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LEXANDER POPE was born in London, May 22, 1688, of parents whose rank or station was never ascertained: we are informed that they were of gentle blood; that his father was of a family of which the Earl of Downe was the head, and that his mother was the daughter of William Turner, Efquire, of York, who had likewife three fons, one of whom had the honour of being killed, and the other of dying, in the service of Charles the First; the third was made a general officer in Spain, from whom the fifter inherited what fequeftrations and forfeitures had left in the family. B 2


This, and this only, is told by Pope; who is more willing, as I have heard obferved, to fhew what his father was not, than what he was. It is allowed that he grew rich by trade; but whether in a fhop or on the Exchange has never been difcovered. Both parents were papists.

Pope was from his birth of a conftitution tender and delicate; but is faid to have fhewn remarkable gentleness and sweetness of difpofition. The weakness of his body continued through his life, but the mildness of his mind perhaps ended with his childhood. His voice, when he was young, was so pleasing, that he was called in fondness the little Nightingale.

Being not fent early to school, he was taught to read by an aunt; and when he was seven or eight years old became a lover of books. He first learned to write by imitating printed books; a fpecies of penmanfhip in which he retained great excellence through his whole life, though his ordinary hand was not elegant.


When he was about eight, he was placed in Hampshire under Taverner, a Romish priest, who, by a method very rarely practifed, taught him the Greek and Latin rudiments together. He was now first regularly initiated in poetry by the perufal of Ogylby's Homer, and Sandys's Ovid: Ogylby's affiftance he never repaid with any praise; but of Sandys he declared, in his notes to the Iliad, that English poetry owed much of its present beauty to his tranflations. Sandys very rarely attempted original composition.

From the care of Taverner, under whom his proficiency was confiderable, he was removed to a school at Twyford near Winchester, and again to another school about Hydepark Corner; from which he used sometimes to stroll to the playhouse, and was fo delighted with theatrical exhibitions, that he formed a kind of play from Ogylby's Iliad, with fome verses of his own intermixed, which he perfuaded his school-fellows to act, with the addition of his master's gardener, who perfonated Ajax.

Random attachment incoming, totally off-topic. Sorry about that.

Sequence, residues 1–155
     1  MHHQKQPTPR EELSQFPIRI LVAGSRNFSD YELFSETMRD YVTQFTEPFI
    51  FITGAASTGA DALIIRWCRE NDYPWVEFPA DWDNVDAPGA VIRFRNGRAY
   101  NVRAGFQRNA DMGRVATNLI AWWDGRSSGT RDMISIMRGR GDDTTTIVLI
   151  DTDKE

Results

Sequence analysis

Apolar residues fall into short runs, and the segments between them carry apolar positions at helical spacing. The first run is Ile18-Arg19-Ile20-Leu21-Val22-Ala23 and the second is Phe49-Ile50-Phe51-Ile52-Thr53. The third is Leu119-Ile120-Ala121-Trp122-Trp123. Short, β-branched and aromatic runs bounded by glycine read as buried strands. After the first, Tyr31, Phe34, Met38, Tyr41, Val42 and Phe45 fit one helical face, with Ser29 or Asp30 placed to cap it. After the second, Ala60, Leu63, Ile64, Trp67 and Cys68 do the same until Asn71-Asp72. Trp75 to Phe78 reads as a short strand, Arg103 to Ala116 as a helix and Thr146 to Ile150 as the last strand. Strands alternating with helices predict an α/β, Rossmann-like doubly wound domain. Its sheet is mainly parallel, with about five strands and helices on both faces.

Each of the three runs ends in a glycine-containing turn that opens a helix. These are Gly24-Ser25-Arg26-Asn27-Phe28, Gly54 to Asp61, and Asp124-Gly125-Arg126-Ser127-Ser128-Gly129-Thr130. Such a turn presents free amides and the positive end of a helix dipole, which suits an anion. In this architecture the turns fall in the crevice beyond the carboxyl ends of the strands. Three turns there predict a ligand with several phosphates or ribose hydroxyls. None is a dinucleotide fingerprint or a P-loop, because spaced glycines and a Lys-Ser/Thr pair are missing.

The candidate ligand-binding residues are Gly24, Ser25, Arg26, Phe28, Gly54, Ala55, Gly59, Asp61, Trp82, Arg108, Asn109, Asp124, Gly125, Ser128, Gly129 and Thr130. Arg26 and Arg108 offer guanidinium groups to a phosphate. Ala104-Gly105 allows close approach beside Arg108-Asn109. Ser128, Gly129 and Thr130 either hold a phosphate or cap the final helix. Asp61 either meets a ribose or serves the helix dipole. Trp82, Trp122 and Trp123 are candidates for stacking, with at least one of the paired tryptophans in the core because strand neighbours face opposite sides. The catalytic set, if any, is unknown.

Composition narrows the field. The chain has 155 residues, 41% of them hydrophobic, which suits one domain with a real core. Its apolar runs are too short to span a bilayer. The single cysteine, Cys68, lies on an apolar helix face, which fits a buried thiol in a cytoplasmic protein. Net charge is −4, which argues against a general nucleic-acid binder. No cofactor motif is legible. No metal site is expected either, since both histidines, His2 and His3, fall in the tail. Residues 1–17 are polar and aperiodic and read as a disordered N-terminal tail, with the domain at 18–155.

At the two laft fchools he used to represent himself as having loft part of what Taverner had taught him, and on his master at Twyford he had already exercised his poetry in a lampoon. Yet under those masters he tranflated more than a fourth part of the Metamorphofes. If he kept the fame proportion in his other exercifes, it cannot be thought that his lofs was great.

He tells of himself, in his poems, that be lifp'd in numbers; and used to say that he could not remember the time when he began to make verses. In the ftyle of fiction it might have been faid of him as of Pindar, that when he lay in his cradle, the bees fwarmed about his mouth.

About the time of the Revolution his father, who was undoubtedly disappointed by the fudden blaft of popish profperity, quitted his trade, whatever it was, and retired to Binfield in Windsor Foreft, with about twenty thousand pounds; for which, being confcientiously determined not to intruft it to the government, he found no better ufe than that of locking it up in a cheft, and taking from

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